Career Connections

Foundation event connects students with alumni, other professionals

Michelle Bart of NWCAVE (right) was one of the many alumni and business partners who volunteered to meet with students at the event.

Seated at tables around Cannell Library, pairs of people were deep in conversation. At each table, one person was a Clark student. The other was an alum or community member working in the student’s prospective career.

More than 50 Clark students met face-to-face with alumni mentors and other professionals to find out more about their prospective careers during Clark College Foundation’s Check Out a Professional event on February 27. The event is designed to connect alumni and business partners with students for one-hour career conversations in Cannell Library.

The event’s organizer, Chandra Chase, associate vice president of Alumni Relations & Community Engagement at Clark College Foundation, said, “Our alumni and business partners look forward to this opportunity to connect with students. Often, they received critical career mentorship through family, friends, faculty, or internships and want to pay it forward.”

The Foundation reached out to alumni and other local professionals with this message: “This event is designed for you to have a one-on-one career conversation with students, aligned with your area of expertise. What will you talk about? Take yourself back to your student days. What career information should you have known?”

Seated with a digital media arts student, Alan Hwang (pictured right), chief executive officer at Riff Agency, recognized the value of networking and volunteered for the event. Hwang earned an associate degree in business at Clark in 2013.

“When I was starting in my career, the most impactful brain gain I had was through 50+ cold emails to community leaders in a hope to gain some insight into what it takes to be successful over coffee,” said Hwang. “I’m a huge believer in hands-on, real-world learning. The Check Out a Pro event is a streamlined process for Clark College students to get that same impactful experience I had and gain some insight into the real world as they consider entering the workforce. This is extremely valuable experience and why I personally dedicate time—and will continue to dedicate the time—to this event.”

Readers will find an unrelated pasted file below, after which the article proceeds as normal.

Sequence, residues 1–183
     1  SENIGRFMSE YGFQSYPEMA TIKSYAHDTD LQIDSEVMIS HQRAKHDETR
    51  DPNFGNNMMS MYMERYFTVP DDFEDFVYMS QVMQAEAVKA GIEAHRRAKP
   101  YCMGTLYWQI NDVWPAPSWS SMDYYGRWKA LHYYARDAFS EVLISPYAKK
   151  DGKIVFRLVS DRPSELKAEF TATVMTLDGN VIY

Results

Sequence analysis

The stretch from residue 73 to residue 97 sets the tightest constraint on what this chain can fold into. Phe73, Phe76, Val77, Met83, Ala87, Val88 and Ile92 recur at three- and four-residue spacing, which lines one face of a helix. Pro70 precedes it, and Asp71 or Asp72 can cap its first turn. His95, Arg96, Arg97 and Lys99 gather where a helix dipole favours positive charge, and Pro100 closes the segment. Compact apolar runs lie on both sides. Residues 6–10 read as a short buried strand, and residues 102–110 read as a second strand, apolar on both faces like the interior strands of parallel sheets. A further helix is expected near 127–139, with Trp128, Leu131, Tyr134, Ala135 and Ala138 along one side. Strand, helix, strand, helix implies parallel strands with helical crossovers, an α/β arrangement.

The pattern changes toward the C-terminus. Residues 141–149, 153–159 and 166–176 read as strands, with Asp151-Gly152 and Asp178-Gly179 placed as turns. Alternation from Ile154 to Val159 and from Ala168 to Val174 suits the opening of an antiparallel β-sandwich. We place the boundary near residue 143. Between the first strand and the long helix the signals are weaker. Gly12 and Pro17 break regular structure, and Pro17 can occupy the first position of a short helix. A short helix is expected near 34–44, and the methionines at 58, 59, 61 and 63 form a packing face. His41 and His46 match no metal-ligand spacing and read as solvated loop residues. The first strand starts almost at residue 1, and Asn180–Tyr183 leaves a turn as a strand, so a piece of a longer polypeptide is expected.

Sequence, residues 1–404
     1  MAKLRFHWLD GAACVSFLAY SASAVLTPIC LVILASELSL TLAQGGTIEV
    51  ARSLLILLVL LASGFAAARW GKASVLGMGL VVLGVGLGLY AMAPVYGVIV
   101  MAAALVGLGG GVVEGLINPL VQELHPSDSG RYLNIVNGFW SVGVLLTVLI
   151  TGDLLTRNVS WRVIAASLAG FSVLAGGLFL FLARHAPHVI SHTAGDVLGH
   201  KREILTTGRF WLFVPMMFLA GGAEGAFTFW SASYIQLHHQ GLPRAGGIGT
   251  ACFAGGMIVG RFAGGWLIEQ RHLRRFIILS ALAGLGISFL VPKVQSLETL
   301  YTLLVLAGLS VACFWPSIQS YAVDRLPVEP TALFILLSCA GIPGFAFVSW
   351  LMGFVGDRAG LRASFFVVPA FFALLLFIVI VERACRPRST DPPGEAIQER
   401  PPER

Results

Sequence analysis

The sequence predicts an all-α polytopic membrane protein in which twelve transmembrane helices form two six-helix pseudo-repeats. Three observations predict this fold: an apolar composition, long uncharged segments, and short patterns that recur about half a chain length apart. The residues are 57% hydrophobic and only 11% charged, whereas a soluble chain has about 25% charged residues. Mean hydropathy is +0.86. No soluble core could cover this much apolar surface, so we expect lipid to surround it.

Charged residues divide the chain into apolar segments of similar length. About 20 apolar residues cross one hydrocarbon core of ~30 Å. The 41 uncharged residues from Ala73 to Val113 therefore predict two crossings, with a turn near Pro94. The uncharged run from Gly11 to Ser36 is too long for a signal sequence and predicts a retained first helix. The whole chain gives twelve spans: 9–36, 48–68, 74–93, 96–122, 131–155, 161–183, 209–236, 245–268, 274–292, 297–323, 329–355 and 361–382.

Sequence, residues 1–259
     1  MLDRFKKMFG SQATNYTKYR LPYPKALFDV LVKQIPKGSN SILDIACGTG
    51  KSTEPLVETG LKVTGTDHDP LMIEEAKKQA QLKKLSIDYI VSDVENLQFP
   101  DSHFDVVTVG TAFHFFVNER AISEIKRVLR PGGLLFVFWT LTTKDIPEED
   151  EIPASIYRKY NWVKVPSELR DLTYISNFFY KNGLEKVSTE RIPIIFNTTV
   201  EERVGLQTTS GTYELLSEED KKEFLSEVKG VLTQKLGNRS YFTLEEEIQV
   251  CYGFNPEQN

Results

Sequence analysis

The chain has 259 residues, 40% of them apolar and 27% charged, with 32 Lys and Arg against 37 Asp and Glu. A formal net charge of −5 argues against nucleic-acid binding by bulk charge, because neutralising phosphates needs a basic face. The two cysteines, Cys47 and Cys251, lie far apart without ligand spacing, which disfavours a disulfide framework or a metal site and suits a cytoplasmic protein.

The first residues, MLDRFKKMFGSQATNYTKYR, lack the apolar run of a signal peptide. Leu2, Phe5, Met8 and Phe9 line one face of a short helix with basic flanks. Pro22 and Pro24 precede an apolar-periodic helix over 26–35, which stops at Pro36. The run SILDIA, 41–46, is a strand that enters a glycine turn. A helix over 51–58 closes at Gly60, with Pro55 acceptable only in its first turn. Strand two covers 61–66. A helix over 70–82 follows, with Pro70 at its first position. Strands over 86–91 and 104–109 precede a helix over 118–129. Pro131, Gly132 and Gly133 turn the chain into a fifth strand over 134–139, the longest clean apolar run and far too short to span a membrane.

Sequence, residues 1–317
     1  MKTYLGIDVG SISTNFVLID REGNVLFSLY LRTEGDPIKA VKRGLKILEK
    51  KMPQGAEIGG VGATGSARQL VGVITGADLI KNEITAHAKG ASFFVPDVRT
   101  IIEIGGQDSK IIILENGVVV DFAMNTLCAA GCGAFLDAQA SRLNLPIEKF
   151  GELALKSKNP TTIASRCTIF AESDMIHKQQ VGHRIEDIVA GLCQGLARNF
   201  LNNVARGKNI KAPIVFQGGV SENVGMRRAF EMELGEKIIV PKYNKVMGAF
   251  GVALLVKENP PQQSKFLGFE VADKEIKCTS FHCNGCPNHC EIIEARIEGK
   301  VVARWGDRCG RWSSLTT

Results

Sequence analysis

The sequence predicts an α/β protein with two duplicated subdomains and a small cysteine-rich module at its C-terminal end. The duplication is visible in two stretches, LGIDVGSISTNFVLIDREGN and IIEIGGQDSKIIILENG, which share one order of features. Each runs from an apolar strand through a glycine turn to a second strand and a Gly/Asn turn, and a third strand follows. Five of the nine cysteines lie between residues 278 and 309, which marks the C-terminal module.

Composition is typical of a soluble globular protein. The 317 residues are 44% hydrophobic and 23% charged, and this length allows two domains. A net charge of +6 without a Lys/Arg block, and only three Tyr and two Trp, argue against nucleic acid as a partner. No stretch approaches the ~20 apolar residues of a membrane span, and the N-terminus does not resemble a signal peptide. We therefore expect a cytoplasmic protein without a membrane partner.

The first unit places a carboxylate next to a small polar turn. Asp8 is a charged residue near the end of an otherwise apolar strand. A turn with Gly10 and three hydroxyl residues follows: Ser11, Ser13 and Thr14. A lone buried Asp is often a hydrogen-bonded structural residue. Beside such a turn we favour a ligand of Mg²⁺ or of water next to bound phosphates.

Connections made

  • Sheila Davis of Fourth Plain Forward met with a student who is interested in working for a nonprofit organization.
  • Katie Devlin, an attorney with the Washington State Attorney General, met with a political science student.
  • Eric Olmsted, president of OnLine Support and member of the college’s Cybersecurity / IT advisory committee met with a cybersecurity student.
  • Mike Pyszka, a civil engineer with Parametrix who is working on the Interstate Bridge Replacement Program, connected with a civil engineering student.
  • Manuel Galaviz from PeaceHealth Medical Center used his laptop to show a healthcare website to a Health Information Management student.
  • Jasmine Tolbert of YWCA Clark County met with a student about a career in counseling. The student’s young son sat quietly wearing headphones and watching a cartoon on a tablet.
  • PeaceHealth nurse Sofia Cartagena and retired Kaiser Permanente physician Dr. Rebecca Hoffman met with nursing students.

A first-year psychology student sat at a table with Michelle Bart, president and founder of NWCAVE (National Women’s Coalition Against Violence and Exploitation). The student’s professor had suggested she earn her advocate certification. Not only did Bart tell the student about a 40-hour advocate training her organization was hosting in Vancouver the next week, but she offered her a scholarship to participate at no charge. It was exactly the certification the student needed.

Connection made. Opportunity gained.

Throughout the library, alumni and other professionals connected with students in similar meaningful conversations.

“Libraries are about connecting folks with the information they need, in whatever format that might be,” said Julie Austad, dean of Clark Libraries and Academic Success Services. “Sometimes it’s a book or an article. At this event, it was people. It was alumni. It was folks in the community who could relate to our students and talk about their experience getting into their chosen career.”

Check Out a Professional has been an annual event, but Chandra Chase from the Foundation said, “In 2025, we’re hoping to expand to two times per year.”

Check Out a Professional quick stats:

  • Attendance: 55 students (more than double last year’s event)
  • 55% first-generation college students
  • Largest increase in student participation: Health care and STEM areas of study

Participating students are pursuing careers from accounting to computer science to mechanical engineering to web development and more.

Alumni and business participants included representatives from Bloom Collective, Clark Public Utilities, Dynamic Events, Edge Networks, Fourth Plain Forward, Kaiser Permanente, Legacy Salmon Creek Medical Center, LiveChannel, Mountain Crest Counseling Services, National Women’s Coalition Against Violence and Exploitation (NWCAVE), OnLine Support, Opsahl Dawson, PeaceHealth Southwest Medical Center, Riff Creative, Schwabe, Williamson & Wyatt, TSMC (also known as Taiwan Semiconductor Manufacturing Company), The Vancouver Clinic, Washington State Office of the Attorney General, Webfor, Workforce Southwest Washington, YWCA Clark County, and ZP Productions.

Careers represented included animator, attorney, counselor, dental hygienist, engineer, filmmaker, health information management, human resources/recruiting, information technology, marketing, nonprofit management, nurse, therapist, physical therapist, physician, systems analyst, and more. Learn more about the Foundation’s Check Out a Professional event.

Photos: Clark College/Susan Parrish